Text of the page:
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HIV and employment

Generally, you are not obliged to tell an employer or prospective employer that you are HIV-positive. However it may be useful or necessary to do, depending on your situation.

Employment Exceptions

There are very few jobs where an employer or prospective employer can legally ask about your HIV status/require you to have an HIV test.

Australian Defence Force (ADF)
Everyone who applies to join the ADF is tested for HIV. If you test HIV-positive you will not be accepted into the ADF.

The ADF also regularly test serving personnel. If you are already a member of the ADF confirmation of a HIV-positive status will result in you being non-deployable. You will be referred to a Medical Employment Classification Review Board and may be medically discharged or retained as a member in a non-deployable role for a ‘period of time’.

Combat and related roles are specifically exempted from the protection of discrimination legislation.

HIV positive people are not able to gain or hold certain classes of commercial aviation licences. It is an offence to give false or misleading information, or to omit information when completing an application for an aviation medical examination. This includes lying about your HIV status. The maximum penalty is twelve months imprisonment.

Health Care Workers (HCWs)
There is no mandatory requirement in WA to test HCWs for their blood-borne virus status (i.e. HIV, HBV, HCV). If you are a HIV-positive healthcare worker you can usually continue to work without any restrictions, but should always follow procedures to prevent HIV transmission and report HIV exposure incidents.

Healthcare workers are encouraged to know their own HIV status, especially if performing ‘Exposure Prone Procedures’.

HIV-positive HCWs must not perform EPPs. EPPs are procedures performed in a confined body cavity where there is poor visibility and a risk of cutting yourself with a sharp tool, tooth, or bone. This restriction particularly affects surgeons, dentists and a limited number of nurses.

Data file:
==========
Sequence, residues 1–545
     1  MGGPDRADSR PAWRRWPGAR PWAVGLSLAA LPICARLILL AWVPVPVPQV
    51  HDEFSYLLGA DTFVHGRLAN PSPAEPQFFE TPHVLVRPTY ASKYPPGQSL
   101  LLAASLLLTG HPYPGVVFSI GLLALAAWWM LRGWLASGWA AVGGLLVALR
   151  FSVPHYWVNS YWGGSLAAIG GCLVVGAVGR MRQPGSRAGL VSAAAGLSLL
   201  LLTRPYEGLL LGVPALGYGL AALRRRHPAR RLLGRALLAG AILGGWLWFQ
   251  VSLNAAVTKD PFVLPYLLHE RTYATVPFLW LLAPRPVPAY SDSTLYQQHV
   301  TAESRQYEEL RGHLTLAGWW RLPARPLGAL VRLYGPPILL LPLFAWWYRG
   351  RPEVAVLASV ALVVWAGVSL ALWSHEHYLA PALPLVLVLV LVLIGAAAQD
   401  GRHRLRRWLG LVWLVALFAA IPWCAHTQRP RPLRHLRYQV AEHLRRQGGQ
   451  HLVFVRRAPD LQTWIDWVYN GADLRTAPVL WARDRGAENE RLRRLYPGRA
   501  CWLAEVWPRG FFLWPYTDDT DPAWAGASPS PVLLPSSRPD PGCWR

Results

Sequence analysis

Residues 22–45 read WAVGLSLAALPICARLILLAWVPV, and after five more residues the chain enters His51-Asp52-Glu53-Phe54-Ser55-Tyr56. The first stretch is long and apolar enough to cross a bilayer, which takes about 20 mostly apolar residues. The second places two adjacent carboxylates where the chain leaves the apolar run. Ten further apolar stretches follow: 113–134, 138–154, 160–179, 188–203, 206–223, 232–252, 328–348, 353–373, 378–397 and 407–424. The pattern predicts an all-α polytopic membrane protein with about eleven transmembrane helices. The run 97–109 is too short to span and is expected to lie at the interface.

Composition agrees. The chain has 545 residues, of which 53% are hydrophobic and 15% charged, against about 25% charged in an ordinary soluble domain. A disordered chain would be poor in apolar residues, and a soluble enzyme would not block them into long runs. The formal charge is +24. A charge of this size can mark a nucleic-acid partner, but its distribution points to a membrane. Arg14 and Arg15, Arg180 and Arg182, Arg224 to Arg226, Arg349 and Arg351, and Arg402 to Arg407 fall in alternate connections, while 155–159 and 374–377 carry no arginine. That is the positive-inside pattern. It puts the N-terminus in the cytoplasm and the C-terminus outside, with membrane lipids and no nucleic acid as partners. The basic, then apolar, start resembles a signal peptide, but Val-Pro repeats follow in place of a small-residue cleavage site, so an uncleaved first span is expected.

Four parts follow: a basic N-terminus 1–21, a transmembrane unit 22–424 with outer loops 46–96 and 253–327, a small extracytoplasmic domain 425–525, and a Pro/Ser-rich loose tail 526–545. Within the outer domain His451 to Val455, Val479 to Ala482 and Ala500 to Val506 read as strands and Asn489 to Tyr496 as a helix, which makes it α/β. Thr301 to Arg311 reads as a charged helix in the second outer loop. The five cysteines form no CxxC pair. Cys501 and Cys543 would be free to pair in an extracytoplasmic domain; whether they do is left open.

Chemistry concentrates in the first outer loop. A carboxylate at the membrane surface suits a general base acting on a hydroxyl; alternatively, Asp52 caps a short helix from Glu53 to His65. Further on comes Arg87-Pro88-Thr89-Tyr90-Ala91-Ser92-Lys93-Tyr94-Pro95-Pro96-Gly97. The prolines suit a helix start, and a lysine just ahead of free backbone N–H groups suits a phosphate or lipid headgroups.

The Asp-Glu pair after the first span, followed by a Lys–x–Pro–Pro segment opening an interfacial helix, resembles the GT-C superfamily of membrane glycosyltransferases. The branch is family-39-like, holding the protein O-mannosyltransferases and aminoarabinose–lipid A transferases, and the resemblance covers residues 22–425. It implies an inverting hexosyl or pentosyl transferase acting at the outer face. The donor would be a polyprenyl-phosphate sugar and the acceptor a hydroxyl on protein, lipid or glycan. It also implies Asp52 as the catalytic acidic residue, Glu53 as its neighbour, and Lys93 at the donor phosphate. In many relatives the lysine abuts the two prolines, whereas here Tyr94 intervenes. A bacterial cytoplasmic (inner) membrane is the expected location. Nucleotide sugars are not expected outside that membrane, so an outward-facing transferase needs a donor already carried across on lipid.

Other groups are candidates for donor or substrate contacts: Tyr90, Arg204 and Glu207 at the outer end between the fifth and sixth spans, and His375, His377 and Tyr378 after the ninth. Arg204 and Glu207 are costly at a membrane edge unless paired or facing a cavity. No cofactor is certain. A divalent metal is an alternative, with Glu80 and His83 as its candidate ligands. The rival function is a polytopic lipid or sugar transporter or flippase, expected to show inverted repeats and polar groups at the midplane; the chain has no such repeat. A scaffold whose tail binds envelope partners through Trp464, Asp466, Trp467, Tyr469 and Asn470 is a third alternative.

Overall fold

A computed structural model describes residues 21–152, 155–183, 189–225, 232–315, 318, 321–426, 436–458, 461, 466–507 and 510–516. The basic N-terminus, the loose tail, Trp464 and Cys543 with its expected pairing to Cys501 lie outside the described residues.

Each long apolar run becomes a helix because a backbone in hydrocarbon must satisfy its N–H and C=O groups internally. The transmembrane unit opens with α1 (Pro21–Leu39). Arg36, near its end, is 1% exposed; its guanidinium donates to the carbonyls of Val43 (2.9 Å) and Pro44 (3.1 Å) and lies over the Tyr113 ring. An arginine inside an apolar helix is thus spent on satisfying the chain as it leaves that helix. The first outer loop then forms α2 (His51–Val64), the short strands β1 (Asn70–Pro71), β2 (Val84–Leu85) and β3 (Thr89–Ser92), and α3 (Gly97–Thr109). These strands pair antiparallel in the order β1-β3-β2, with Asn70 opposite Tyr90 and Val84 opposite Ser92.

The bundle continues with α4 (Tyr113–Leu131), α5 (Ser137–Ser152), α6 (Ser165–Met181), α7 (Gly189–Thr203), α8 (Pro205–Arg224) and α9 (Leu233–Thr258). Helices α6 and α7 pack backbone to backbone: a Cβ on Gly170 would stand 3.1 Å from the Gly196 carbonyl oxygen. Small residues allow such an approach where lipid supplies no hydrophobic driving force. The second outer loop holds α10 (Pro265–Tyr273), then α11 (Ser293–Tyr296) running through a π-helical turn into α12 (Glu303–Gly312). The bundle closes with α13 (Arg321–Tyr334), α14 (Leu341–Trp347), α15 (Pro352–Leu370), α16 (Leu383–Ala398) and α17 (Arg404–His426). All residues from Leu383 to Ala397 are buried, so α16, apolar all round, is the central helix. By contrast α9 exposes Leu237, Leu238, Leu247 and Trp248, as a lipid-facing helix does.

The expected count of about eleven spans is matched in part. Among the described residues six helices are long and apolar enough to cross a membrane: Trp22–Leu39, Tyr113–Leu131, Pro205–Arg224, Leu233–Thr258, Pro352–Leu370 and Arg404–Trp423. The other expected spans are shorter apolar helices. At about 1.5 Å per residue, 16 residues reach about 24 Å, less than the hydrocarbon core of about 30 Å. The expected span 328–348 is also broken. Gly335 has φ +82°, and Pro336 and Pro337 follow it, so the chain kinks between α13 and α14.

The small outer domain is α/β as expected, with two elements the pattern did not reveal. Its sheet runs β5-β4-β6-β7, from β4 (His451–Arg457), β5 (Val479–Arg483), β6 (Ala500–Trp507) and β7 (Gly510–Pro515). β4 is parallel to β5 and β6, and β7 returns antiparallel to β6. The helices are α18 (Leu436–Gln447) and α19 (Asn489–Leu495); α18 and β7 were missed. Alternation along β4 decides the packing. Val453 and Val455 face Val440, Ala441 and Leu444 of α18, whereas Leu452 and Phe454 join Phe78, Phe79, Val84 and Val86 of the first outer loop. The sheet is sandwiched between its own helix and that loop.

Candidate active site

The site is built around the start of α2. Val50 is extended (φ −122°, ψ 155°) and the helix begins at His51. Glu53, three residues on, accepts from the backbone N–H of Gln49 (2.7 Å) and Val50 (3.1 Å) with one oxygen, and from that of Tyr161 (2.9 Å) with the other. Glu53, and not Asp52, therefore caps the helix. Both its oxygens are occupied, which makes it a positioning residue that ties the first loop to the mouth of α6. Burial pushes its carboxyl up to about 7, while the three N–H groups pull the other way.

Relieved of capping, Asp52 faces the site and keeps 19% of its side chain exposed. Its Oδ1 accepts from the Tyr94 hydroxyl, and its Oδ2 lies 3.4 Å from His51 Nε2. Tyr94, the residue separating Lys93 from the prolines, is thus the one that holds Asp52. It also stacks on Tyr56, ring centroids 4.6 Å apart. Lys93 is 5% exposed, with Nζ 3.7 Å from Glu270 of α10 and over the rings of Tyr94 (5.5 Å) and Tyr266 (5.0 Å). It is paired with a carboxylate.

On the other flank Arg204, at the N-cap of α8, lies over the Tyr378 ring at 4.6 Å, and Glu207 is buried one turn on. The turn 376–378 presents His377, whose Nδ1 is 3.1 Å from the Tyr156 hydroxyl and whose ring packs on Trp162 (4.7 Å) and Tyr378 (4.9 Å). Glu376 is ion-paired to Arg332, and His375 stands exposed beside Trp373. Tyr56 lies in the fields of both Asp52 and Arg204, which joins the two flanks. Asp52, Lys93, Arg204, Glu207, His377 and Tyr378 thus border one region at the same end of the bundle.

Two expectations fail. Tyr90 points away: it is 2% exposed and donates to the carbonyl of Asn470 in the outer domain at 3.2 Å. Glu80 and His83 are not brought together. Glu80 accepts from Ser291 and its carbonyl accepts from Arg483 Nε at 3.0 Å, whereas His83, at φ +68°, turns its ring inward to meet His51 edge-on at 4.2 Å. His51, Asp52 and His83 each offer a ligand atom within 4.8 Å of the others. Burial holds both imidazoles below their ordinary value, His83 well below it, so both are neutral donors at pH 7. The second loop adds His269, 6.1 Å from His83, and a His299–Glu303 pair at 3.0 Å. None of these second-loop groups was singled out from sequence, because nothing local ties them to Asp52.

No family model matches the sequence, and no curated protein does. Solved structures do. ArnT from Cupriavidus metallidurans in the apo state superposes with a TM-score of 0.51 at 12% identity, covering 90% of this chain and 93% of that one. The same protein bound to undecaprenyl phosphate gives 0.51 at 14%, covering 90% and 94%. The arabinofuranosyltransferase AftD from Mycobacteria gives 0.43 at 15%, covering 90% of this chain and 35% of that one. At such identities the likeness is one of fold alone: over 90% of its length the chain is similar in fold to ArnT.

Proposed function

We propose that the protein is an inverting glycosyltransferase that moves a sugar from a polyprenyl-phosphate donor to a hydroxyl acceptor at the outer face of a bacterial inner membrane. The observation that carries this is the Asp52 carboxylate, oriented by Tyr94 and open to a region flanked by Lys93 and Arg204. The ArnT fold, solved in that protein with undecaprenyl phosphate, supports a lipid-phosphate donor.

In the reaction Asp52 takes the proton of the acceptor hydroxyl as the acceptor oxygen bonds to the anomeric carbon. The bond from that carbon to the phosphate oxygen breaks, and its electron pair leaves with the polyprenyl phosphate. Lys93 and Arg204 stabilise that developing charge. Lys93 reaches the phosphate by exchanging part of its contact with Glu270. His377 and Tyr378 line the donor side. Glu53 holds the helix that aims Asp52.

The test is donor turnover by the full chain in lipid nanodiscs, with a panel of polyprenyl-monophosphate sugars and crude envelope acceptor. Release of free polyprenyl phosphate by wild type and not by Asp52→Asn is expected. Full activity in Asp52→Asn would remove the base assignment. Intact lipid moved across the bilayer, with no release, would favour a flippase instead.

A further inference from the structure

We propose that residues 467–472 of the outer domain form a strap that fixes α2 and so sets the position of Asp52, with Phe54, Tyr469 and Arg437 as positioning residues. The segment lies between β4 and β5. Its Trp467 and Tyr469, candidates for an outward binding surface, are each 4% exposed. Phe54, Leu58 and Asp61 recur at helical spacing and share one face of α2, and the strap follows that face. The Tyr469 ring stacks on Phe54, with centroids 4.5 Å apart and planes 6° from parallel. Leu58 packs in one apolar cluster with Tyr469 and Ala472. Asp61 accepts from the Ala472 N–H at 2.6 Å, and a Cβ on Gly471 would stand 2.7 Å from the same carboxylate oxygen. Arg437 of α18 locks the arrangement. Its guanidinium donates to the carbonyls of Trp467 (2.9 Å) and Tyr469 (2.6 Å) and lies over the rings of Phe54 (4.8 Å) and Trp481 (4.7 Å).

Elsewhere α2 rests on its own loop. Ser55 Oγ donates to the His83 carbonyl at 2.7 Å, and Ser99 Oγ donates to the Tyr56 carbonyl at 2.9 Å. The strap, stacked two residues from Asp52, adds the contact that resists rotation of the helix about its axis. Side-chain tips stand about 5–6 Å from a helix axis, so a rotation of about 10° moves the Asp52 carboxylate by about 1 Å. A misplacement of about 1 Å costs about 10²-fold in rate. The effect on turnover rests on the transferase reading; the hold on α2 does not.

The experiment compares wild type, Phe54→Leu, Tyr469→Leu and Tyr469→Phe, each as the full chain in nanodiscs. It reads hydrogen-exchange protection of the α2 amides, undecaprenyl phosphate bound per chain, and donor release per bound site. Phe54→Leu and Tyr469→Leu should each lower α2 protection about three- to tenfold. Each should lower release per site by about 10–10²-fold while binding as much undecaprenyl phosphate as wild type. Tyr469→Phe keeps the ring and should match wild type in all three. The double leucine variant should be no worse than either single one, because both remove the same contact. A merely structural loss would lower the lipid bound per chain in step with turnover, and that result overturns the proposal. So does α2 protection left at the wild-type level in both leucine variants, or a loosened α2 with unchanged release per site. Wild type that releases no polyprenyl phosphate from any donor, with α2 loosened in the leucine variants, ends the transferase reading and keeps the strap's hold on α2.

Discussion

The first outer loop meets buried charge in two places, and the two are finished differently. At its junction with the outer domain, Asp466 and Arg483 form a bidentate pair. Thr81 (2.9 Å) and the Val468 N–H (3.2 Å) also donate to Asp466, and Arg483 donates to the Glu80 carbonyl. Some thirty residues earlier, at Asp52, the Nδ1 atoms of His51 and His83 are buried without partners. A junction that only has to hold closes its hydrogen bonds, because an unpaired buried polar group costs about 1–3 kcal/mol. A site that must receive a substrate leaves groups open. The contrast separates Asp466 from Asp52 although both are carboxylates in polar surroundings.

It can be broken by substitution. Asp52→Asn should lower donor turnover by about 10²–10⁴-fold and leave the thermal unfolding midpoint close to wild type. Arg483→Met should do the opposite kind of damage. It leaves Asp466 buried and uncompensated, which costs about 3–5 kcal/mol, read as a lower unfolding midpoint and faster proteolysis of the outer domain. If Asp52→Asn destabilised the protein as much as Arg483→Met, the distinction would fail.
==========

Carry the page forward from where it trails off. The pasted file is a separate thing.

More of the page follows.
If you are a HIV-positive surgeon, dentist or nurse performing EPPs you must seek advice from your professional body as to the types of procedures you may and may not perform or assist with.

Sick days

If you are taking a lot of sick days your employer may ask you to provide a medical certificate. You can ask your doctor not to specify your HIV status on your medical certificate.

Medical examinations/drug test

By law, you cannot be tested for HIV without your specific consent and it may be unlawful for your employer to require you to undergo a HIV test. If you consent to a HIV test then your employer has a duty of confidentiality and must also not treat you less favourably.

Some industries enforce random drug tests aiming to assess whether you have used any prohibited substances which may make it unsafe for you and your colleagues in the work place.

Antiretroviral (ARVs) medication, in particular efavirenz (found in Australia products Stocrin and Atripla) sometimes cause false positive results for prohibited substances, such as tetrahydrocannabinol (THC) found in cannabis and the prescription medication benzodiazepine.

If you receive a false positive on a drug test due to your ARV medication then this may cause some problems. A false positive may cause the medical examiner to notify your supervisor so they can withdraw you from duties pending a conclusive result. A letter from your HIV doctor indicating you are on prescription medication which might cause a false positive drug test is advisable to have with you, or to obtain if this occurs. It is not necessary for your doctor to cite your HIV condition as the reason for the medication or to list the ARVs.

If you do choose to disclose your HIV status to the medical examiner they have a duty of confidentiality and that information is protected by privacy laws.

Confidentiality and fair treatment

Employers have a general duty to maintain employee confidentiality and in many cases your employer will be subject to the Privacy Act 1988 which requires that the information be kept confidential. In practice though, if your employer breaches the duty then there may be no way to provide a satisfactory remedy.

Consider very carefully before disclosing, because you can’t take the information back. While your current supervisor may be understanding, if your status is on file then your next supervisor will also have access to this information and may have a different attitude.

If an employer dismisses you because you have HIV, or prevents you from undertaking certain tasks that would normally be part of your job, then this may amount to unlawful discrimination. Seek legal advice about your rights. You must act quickly however, as in some instances legal action must be commenced in less than 21 days. Contact WAAC for legal referral.

If you have any further questions about employment, don’t hesitate to contact us.


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